ACAD/Medre.A Technical Analysis

For the story behind the suspected industrial espionage, where ACAD/Medre.A was used, refer to Righard Zwienenberg's blog post. For technical details from analysing the worm's source code, read on. ACAD/Medre.A is a worm written in AutoLISP, a dialect of the LISP programming language used in AutoCAD. Whilst we classify it as a worm, due to

Vulnerable WordPress Leads to Security Blog Infection

Even visiting security-oriented websites can sometimes be risky. If you’ve visited the security blog zerosecurity.org this month and you’re also a user of ESET’s security products, you might have encountered an anti-virus alert such as this one: The detection names may vary. Different variants of the following “generic families” were detected on the compromised websites on

Modern viral propagation: Facebook, shocking videos, browser plugins

Fraudsters continue to innovate their scam propagation methods. Again using Facebook and a pretense of a shocking video, they also utilize browser plugins to execute malicious scripts. We also see how the malware scene is intertwined, when the user is directed to a dubious Potentially Unwanted Application. Facebook auto-like scams have been commonplace on the

Made in the Czech Republic: a PHP Autorun worm

Recently, a new data-stealing worm caught our attention. The reason why it stands out from many similar amateur creations is that its author is most probably Czech, as the text strings, variable and function names used by the malware suggest. The Czech text above is displayed by the worm inside a console window and translates

Linux Tsunami hits OS X

We’ve just come across an IRC controlled backdoor that enables the infected machine to become a bot for Distributed Denial of Service attacks. The interesting part about it is that it’s a Mach-O binary – targeting Mac OS X. ESET’s research team compared this to samples in our malware collection and discovered that this code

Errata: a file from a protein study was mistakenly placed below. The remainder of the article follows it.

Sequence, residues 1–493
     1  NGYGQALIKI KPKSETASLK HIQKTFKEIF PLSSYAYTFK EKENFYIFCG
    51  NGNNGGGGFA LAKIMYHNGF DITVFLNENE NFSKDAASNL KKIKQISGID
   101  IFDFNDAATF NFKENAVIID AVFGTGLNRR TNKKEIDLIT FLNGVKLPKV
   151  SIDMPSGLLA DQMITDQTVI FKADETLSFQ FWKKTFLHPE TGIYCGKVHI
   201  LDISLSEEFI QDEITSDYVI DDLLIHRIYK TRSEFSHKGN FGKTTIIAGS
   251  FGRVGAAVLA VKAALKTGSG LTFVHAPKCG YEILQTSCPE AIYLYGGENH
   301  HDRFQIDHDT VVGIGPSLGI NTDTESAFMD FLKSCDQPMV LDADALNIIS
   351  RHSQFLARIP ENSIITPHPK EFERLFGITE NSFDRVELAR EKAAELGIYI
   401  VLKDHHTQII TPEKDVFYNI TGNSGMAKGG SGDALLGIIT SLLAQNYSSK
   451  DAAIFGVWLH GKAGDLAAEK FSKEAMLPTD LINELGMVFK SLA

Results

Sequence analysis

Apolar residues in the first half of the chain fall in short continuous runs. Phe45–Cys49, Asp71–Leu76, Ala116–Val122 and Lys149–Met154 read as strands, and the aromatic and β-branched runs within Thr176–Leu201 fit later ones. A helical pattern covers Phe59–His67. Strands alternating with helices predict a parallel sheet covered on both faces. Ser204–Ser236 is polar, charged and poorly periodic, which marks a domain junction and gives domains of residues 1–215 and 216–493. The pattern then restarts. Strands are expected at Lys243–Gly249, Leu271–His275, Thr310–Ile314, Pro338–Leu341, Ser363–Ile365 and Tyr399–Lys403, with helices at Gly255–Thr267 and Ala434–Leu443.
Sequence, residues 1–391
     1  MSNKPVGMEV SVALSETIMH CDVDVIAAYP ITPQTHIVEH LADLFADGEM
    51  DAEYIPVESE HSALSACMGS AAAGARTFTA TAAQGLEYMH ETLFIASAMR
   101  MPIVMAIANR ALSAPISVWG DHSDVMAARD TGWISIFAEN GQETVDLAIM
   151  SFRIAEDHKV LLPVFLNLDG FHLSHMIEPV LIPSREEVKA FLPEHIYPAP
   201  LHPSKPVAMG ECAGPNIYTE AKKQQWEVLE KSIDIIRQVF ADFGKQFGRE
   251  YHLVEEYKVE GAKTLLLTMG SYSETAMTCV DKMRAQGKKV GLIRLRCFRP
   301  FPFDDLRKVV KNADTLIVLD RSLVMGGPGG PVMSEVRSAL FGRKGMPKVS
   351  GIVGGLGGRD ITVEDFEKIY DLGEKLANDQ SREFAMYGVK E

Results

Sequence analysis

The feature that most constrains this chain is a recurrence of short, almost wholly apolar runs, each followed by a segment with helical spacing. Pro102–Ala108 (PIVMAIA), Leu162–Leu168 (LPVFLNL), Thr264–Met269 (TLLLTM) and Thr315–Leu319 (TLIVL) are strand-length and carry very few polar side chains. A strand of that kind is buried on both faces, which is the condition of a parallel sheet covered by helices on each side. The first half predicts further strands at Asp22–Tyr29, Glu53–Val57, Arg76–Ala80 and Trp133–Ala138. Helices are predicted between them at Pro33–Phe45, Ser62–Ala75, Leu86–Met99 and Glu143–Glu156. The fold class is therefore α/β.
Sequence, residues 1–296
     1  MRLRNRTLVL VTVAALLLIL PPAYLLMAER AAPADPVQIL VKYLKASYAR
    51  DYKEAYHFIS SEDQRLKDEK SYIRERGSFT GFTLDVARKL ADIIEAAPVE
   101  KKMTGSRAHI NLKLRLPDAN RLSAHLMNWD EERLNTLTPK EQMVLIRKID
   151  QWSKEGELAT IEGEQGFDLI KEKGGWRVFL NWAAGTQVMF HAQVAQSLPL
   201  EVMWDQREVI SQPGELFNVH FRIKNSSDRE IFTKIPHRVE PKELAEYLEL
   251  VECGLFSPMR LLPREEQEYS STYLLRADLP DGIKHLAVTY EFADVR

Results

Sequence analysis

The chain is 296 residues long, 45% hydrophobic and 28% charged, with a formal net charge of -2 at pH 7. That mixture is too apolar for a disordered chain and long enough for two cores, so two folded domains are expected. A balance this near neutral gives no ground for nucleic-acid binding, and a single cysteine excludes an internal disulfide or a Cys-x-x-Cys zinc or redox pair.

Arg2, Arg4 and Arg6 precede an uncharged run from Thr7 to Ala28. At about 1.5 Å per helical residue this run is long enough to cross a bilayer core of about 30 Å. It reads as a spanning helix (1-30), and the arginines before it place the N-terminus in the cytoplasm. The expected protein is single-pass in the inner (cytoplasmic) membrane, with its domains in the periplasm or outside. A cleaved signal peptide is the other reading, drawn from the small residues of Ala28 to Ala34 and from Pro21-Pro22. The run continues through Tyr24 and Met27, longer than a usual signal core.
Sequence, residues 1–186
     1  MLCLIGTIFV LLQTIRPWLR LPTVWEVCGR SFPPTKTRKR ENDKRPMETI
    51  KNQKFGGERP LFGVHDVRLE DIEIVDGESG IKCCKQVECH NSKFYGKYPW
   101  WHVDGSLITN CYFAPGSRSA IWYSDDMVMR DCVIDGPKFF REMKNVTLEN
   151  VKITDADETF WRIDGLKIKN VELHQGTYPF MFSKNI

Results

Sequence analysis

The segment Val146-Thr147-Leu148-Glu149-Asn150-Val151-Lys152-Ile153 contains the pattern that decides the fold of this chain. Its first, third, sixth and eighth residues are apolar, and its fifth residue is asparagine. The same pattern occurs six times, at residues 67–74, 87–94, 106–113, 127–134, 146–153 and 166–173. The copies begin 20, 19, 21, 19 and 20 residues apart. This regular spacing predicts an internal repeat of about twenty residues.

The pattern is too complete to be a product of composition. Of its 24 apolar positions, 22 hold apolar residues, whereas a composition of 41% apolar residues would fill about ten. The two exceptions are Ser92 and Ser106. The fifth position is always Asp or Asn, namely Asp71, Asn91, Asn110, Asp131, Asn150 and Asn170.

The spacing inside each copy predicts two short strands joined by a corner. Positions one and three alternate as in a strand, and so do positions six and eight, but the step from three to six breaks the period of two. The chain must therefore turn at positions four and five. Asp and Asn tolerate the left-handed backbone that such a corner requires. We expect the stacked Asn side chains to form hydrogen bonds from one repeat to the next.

Virus Bulletin 2011: Fake but free…

ESET had quite a strong representation at Virus Bulletin this year in Barcelona, as David Harley mentioned in his post prior to the conference. On the first day, Pierre-Marc Bureau presented his findings about the Kelihos botnet, David Harley and AVG’s Larry Bridwell discussed the usefulness and present state of AV testing, and to finish

German Policeware: Use the Farce…er, Force…Luke

On Saturday, another controversial report of a “government trojan” appeared. This time it is the German government that has been accused by the European hacker club Chaos Computer Club (CCC) of using “lawful interception” malware. Hence, “Bundestrojaner” (Federal Trojan), though that name is normally applied to the legal concept that allows German police to make

Towering Qbot Certificates

New stolen digital certificates are used by the multi-purpose backdoor Qbot. The criminals behind the Qbot trojan are certainly not inactive. As I mentioned in a blog post earlier this month, after a quiet summer we have seen a batch of new Qbot variants. An interesting fact is that the malicious binaries were digitally signed.